You will listen to four recorded texts, such as monologues and conversations, by a range of native-speakers and write your answers to a series of questions. These include questions that test your ability to understand main ideas and detailed factual information, ability to understand the opinions and attitudes of speakers, ability to understand the purpose of an utterance and the ability to follow the development of ideas. A variety of voices and native-speaker accents are used and each section is heard only once.
You will take the Listening, Reading and Writing tests all on the same day, one after the other, with no breaks in between. Depending on your test centre, your Speaking test may be on the same day as the other three tests, or up to seven days before or after that.
The total test time is under three hours. You deserve a fair chance to do your best. IELTS also recognises that candidates have different approaches to answering questions.
For example, with IELTS you can answer questions in the order that suits you and you can make changes to your Reading answers and Writing responses at any time during the Reading and Writing sections.
Listening, Reading, Writing and Speaking. Each section of the test is outlined below. For a full description please ensure you also read the Information for Candidates booklet. These include questions that test your ability to understand main ideas and detailed factual information, ability to understand the opinions and attitudes of speakers, ability to understand the purpose of what is said and ability to follow the development of ideas.
A variety of voices and native-speaker accents is used and you will hear each section only once. The Listening component is the same for both Academic and General Training versions. Section 1 A conversation between two people set in an everyday social context, e.
Section 2 A monologue set in an everyday social context, e. Section 3 A conversation between up to four people set in an educational or training context, e. Section 4 A monologue on an academic subject, e. A variety of question types is used in order to test a wide range of reading skills.
Reading — Academic version The Academic version includes three long texts, which range from the descriptive and factual to the discursive and analytical.
The texts are authentic and are taken from books, journals, magazines and newspapers. These have been selected for a non-specialist audience but are recognisably appropriate for anyone entering undergraduate or postgraduate courses or seeking professional registration.
Reading — General Training version The General Training version requires you to read extracts from books, magazines, newspapers, notices, advertisements, company handbooks and guidelines. These are materials you are likely to encounter on a daily basis in an English-speaking environment.
Topics are of general interest to, and suitable for, anyone entering undergraduate or postgraduate studies or seeking professional registration. Task 1 You will be presented with a graph, table, chart or diagram and are asked to describe, summarise or explain the information in your own words.
You may be asked to describe and explain data, describe the stages of a process, how something works or describe an object or event. Task 2 You will be asked to write an essay in response to a point of view, argument or problem.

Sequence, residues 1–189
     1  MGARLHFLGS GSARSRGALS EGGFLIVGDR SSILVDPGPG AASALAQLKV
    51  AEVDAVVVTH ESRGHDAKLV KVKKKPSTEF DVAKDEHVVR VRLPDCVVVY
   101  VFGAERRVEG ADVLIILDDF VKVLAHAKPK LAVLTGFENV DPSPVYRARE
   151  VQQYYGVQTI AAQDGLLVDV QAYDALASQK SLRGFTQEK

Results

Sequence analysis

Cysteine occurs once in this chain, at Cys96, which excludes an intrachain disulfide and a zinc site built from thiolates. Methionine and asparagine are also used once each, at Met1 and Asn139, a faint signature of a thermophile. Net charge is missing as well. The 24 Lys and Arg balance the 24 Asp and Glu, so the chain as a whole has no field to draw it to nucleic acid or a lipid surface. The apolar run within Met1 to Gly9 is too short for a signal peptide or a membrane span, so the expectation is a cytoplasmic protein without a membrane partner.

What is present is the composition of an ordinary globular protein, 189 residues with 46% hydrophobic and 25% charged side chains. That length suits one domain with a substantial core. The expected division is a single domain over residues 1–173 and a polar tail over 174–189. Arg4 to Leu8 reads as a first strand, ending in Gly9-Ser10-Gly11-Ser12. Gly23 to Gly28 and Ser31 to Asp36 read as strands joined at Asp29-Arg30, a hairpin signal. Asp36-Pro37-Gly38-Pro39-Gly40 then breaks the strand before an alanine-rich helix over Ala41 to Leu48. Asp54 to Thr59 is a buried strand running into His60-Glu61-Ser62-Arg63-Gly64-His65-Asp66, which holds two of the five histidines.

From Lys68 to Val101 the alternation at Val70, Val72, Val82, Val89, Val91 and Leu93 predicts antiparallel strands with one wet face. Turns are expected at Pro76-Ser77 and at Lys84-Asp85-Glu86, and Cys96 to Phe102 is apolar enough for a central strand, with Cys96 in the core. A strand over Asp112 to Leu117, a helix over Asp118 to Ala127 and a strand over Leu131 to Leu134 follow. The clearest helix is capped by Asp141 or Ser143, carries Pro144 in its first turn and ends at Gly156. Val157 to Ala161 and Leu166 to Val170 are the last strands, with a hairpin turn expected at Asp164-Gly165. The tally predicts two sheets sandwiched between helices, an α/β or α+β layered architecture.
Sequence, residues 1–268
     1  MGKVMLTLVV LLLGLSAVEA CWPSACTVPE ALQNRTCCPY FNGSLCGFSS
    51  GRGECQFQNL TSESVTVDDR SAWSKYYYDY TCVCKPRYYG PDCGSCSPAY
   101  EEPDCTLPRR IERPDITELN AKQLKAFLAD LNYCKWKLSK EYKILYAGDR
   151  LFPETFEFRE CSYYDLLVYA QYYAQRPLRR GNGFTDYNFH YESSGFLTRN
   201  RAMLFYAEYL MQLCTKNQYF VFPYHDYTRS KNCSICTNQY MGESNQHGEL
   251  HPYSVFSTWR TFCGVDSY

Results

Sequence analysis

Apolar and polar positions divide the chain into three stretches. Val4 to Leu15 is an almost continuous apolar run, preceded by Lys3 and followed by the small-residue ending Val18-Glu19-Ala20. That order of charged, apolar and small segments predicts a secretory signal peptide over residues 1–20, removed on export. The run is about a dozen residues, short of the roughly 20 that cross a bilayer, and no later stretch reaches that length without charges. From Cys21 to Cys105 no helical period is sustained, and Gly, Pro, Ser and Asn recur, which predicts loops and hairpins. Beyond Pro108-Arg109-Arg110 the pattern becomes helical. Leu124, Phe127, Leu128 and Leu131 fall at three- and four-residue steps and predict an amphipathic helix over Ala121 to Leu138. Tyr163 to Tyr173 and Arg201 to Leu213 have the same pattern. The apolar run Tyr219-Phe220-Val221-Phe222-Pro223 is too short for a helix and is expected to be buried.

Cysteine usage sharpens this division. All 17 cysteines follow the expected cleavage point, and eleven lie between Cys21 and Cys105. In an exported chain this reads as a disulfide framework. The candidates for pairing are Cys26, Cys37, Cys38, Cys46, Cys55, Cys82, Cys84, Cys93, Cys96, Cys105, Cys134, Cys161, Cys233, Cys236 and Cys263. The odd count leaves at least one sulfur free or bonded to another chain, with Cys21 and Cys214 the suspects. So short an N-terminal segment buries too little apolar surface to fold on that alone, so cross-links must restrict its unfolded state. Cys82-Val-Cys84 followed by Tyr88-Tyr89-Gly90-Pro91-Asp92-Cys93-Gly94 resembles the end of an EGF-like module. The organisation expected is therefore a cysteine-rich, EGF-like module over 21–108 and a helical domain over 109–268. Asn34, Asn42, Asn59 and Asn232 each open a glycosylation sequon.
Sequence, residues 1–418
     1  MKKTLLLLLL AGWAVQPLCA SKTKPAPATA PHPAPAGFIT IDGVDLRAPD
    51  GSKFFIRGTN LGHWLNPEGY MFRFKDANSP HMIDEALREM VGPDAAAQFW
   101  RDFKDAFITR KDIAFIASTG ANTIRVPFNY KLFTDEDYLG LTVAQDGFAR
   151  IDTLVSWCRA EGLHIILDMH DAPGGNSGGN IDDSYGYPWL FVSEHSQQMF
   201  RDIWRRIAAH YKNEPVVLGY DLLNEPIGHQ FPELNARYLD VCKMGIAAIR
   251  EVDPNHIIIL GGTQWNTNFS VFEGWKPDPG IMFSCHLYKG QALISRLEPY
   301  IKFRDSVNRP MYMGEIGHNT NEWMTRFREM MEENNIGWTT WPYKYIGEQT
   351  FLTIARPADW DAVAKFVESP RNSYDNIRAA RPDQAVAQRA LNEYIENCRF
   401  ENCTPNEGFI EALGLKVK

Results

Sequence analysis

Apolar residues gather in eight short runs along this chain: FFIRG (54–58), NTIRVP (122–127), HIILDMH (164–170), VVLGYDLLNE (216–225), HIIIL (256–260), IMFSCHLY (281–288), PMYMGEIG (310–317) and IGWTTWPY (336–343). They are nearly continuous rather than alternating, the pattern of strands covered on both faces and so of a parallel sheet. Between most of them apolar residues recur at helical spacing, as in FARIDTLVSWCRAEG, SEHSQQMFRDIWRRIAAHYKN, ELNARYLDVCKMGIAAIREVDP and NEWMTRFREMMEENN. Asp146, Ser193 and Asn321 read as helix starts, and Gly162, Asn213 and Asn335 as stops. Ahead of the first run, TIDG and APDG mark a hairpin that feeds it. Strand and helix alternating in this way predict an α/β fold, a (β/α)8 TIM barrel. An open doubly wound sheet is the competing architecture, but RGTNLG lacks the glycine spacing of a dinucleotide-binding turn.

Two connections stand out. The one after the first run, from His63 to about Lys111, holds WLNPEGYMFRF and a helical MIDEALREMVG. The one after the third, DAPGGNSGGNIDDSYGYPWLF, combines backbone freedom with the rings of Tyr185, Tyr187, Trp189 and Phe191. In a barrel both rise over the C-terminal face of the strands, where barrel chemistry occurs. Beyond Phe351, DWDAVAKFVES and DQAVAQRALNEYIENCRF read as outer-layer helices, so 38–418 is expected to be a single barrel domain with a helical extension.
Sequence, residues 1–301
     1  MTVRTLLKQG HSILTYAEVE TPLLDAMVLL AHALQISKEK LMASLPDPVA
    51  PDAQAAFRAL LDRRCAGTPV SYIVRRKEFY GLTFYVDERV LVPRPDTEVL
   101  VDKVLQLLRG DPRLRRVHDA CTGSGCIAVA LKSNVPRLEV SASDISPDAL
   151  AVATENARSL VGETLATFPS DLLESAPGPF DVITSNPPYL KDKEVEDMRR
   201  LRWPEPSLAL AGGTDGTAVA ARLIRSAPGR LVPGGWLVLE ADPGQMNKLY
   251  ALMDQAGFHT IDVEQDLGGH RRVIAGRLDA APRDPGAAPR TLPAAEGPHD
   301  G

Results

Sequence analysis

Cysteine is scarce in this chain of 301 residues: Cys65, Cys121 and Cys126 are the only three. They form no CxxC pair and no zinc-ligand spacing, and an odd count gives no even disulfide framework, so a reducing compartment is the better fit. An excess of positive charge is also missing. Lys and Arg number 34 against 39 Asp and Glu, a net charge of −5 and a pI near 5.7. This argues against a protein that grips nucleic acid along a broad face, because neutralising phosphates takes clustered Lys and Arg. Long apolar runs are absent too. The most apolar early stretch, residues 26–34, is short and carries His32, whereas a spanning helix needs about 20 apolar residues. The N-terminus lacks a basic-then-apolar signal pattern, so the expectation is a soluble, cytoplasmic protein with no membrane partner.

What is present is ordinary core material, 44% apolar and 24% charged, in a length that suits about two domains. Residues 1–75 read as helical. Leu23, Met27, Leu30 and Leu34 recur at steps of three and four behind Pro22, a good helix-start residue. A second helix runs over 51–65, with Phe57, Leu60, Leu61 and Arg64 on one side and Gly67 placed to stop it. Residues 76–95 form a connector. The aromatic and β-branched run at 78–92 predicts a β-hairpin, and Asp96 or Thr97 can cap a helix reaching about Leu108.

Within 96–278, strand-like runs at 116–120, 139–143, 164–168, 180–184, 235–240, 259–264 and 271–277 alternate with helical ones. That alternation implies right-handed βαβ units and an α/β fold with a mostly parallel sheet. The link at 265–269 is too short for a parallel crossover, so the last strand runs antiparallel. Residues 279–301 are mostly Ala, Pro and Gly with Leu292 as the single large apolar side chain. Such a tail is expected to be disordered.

Responses to both tasks must be written in a formal style. Task 1 You will be presented with a situation and asked to write a letter requesting information or explaining the situation. The letter may be personal, semi-formal or formal in style. The essay can be slightly more personal in style than the Academic Writing Task 2 essay.
Every test is recorded. The Speaking component is the same for both Academic and General Training versions. Part 1 You will be asked to answer general questions about yourself and a range of familiar topics, such as your home, family, work, studies and interests.
This part lasts between four and five minutes. Part 2 You will be given a card that asks you to talk about a particular topic. You will have one minute to prepare before speaking for up to two minutes. The examiner then asks you one or two questions on the same topic to finish this part of the test.
Part 3 You will be asked further questions connected to the topic in Part 2. These questions give you an opportunity to discuss more abstract issues and ideas. The Speaking component is delivered in such a way that does not allow you to rehearse set responses beforehand.The IELTS Academic Speaking test is the shortest of the components of the IELTS test – only 11 to 14 minutes.
In this short time you have to convince the examiner who will be speaking . The IELTS test format has four parts - listening, reading, writing & speaking.
The Reading and Writing Sections of the Academic test are different to the General Training test. an essay in response to a point of view, argument or problem.
The essay can be slightly more personal in style than the Academic Writing Task 2 essay. SPEAKING. May 08, · The international English language testing system (IELTS) is the world’s most popular English language proficiency test for higher education and global migration.
The Academic Module consists of 3 parts. BEST 10 TIPS TO MAXIMIZE YOUR IELTS SPEAKING TEST SCORE. PREPARATION: Know clearly about the speaking test: IELTS Speaking test assesses your speaking skill. TOP IELTS READING WRITING LISTENING SPEAKING WEBSITES LIST.
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IELTS Academic Writing About the IELTS Academic Writing test. The writing test is different for IELTS Academic and IELTS General candidates..
Academic Writing. 2 pieces of writing, 60 minutes. In Task 1, candidates are presented with a graph, table, chart or diagram and are asked to describe, summarise or explain the information in their own ph-vs.com may be asked to describe and explain .